When I first moved to the mission field, I was 12 years old, eager, and expectant of an adventurous life. Who could fault me? After all, I was moving to Africa, and everybody said I was so blessed, and would have great experiences. I quickly realized that they and I were wrong. It was so utterly boring! My friends would message me asking what life was like and if I did anything cool. No, I would reply. All I do is school and go to the international church on Sunday. Sometimes we go grocery shopping.

And it was hard! So hard! Like that time when our electricity was out the entire month of Ramadan. Or when our best friends got sick and we were forced back to America. Or when that insane man threw the rock at our brand new van and barely missed the window. And that time I spent hours making an entirely homemade apple pie and the power went out while I was baking it. That one made me so mad.

Furloughs were worse. We traveled everywhere, nowhere new, and people marveled at the ever-so-faithful missionaries from Africa, making us feel guilty about our secret imperfections. We were different now, culturally, socially, even academically. I never could relate to these people. I began telling people that I lived “out of town” and hoped they didn’t realize I meant overseas.

Our country began to get difficult, even more so, and after my second furlough I returned (begrudgingly) to find that every one of my few friends had moved elsewhere in the world. Maybe it was because our ministry was beginning to come to life, or maybe I was just more cynical, but if you can believe it, it was harder.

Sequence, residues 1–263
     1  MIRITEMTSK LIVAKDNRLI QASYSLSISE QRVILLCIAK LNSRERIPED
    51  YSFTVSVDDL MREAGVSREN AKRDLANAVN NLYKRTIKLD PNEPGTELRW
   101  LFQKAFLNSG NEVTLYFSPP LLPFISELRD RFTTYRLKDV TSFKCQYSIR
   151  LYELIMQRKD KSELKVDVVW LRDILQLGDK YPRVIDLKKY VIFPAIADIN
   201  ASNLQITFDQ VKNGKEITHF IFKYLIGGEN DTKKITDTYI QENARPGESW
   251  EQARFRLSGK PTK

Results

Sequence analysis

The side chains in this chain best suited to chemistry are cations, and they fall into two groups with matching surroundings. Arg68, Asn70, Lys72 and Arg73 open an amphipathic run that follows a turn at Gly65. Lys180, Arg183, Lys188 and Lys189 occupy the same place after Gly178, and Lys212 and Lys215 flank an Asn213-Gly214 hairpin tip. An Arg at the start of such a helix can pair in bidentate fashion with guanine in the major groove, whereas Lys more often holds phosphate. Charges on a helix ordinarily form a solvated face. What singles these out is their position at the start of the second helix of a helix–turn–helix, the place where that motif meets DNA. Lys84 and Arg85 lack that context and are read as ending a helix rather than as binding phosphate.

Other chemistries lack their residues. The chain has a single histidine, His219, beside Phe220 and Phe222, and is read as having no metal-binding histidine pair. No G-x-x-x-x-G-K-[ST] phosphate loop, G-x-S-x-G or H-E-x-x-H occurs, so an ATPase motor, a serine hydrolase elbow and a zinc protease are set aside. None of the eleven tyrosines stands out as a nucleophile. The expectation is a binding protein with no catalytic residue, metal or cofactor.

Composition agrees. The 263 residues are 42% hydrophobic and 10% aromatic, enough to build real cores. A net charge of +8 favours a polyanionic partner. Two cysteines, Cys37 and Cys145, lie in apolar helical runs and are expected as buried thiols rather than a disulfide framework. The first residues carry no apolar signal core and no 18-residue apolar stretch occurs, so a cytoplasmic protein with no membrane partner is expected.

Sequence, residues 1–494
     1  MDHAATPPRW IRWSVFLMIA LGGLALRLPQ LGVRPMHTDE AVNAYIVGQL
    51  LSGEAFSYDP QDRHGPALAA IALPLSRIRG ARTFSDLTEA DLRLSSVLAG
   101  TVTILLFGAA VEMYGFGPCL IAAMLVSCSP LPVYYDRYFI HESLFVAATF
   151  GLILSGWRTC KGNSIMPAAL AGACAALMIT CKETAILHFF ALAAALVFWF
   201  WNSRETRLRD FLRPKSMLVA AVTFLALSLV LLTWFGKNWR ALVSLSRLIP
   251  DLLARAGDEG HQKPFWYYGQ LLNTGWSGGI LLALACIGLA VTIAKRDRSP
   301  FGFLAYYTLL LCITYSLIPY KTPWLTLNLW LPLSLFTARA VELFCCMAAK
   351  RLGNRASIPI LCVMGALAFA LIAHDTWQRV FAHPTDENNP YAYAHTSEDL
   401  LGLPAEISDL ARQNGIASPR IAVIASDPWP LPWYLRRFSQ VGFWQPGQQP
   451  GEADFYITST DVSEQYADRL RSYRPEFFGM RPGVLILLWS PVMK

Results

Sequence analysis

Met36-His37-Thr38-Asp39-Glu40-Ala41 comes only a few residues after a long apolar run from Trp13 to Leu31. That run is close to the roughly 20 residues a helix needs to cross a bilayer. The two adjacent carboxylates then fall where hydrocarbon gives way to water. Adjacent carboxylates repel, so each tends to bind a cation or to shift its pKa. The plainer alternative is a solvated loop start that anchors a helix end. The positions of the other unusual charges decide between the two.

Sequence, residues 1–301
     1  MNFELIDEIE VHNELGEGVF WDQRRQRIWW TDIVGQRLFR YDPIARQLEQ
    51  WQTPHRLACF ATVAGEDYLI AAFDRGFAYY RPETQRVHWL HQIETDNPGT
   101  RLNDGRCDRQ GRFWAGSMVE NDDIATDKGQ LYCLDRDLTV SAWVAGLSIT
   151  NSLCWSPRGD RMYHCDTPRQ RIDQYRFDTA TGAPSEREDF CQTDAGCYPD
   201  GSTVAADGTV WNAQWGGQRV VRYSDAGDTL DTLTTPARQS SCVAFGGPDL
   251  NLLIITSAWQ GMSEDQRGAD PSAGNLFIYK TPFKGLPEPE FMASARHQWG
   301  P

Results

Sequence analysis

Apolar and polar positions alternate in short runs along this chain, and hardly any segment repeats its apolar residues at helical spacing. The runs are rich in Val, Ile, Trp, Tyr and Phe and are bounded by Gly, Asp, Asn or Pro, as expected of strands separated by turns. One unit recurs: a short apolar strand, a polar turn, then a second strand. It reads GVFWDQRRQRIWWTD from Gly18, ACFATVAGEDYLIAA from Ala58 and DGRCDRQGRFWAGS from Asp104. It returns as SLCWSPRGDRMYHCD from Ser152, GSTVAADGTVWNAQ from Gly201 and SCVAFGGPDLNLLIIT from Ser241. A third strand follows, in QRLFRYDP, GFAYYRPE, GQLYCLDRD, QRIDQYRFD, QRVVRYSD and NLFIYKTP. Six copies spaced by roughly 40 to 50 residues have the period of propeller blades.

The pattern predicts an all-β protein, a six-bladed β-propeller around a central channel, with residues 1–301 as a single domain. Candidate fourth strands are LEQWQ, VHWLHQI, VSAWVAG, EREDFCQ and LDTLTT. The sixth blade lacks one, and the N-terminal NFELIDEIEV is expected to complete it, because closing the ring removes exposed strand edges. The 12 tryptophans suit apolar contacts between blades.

It was (is) actually dangerous here and I felt constant fear and I felt utterly alone. I cried at every little thing and I resented missions and missionaries and everything like it. I got mad when I watched movies about Africa. Why did everyone want to come here so bad? It’s overrated. I grew bitter, and it showed, and I affected the other impressionable missionary girls here. At my worst, I was reading and stumbled upon this; “You learn not to mourn the little things over here (Africa) or you’d never stop grieving.” Sure, it’s hard. No, there is no grand adventure, and yes, you are giving up so much, probably unwillingly.

The thing is though, if you’re unhappy about whatever country you’re in, it’s most likely your own fault. As cliché and simple as it sounds, it really all depends on your point of view and your attitude. I’ve painted a pretty awful picture of my host country and I conveniently haven’t paid attention to so many things. Things like how you can literally see millions of stars when the power goes out. That our friends were able to take their foster son to America with them. That the sizable dent in our van still allows us to drive 13+ people to church on Sunday. And that we can get imported apples from Italy at all.

I’m not a writer, or a speaker, and this probably didn’t make any sense, but it’s what I, as an “experienced” missionary kid, took five years to realize.

Don’t spend forever hating your mission field, just make up your mind to see the beauty in it.

Submitted by an MK who wishes to remain anonymous.